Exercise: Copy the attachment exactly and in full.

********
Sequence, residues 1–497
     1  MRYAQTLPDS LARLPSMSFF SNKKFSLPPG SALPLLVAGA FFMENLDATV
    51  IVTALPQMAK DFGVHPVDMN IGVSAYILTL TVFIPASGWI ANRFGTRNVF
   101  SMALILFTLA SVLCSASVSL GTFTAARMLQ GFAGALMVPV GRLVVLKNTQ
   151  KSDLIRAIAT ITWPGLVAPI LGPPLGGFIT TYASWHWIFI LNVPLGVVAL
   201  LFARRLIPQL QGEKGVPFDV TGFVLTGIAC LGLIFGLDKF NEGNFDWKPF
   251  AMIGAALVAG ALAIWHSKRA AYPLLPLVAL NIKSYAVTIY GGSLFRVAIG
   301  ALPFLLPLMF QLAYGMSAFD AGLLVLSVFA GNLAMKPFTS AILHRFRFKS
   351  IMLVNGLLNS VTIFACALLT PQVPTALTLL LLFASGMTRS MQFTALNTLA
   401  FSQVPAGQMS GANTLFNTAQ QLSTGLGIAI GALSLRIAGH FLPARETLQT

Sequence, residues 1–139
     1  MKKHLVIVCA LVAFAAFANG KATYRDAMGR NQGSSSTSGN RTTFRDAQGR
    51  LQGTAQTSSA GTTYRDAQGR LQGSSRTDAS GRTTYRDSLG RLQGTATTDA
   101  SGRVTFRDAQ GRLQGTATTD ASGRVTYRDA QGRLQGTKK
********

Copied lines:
Sequence, residues 1–497
     1  MRYAQTLPDS LARLPSMSFF SNKKFSLPPG SALPLLVAGA FFMENLDATV
    51  IVTALPQMAK DFGVHPVDMN IGVSAYILTL TVFIPASGWI ANRFGTRNVF
   101  SMALILFTLA SVLCSASVSL GTFTAARMLQ GFAGALMVPV GRLVVLKNTQ
   151  KSDLIRAIAT ITWPGLVAPI LGPPLGGFIT TYASWHWIFI LNVPLGVVAL
   201  LFARRLIPQL QGEKGVPFDV TGFVLTGIAC LGLIFGLDKF NEGNFDWKPF
   251  AMIGAALVAG ALAIWHSKRA AYPLLPLVAL NIKSYAVTIY GGSLFRVAIG
   301  ALPFLLPLMF QLAYGMSAFD AGLLVLSVFA GNLAMKPFTS AILHRFRFKS
   351  IMLVNGLLNS VTIFACALLT PQVPTALTLL LLFASGMTRS MQFTALNTLA
   401  FSQVPAGQMS GANTLFNTAQ QLSTGLGIAI GALSLRIAGH FLPARETLQT

Sequence, residues 1–139
     1  MKKHLVIVCA LVAFAAFANG KATYRDAMGR NQGSSSTSGN RTTFRDAQGR
    51  LQGTAQTSSA GTTYRDAQGR LQGSSRTDAS GRTTYRDSLG RLQGTATTDA
   101  SGRVTFRDAQ GRLQGTATTD ASGRVTYRDA QGRLQGTKK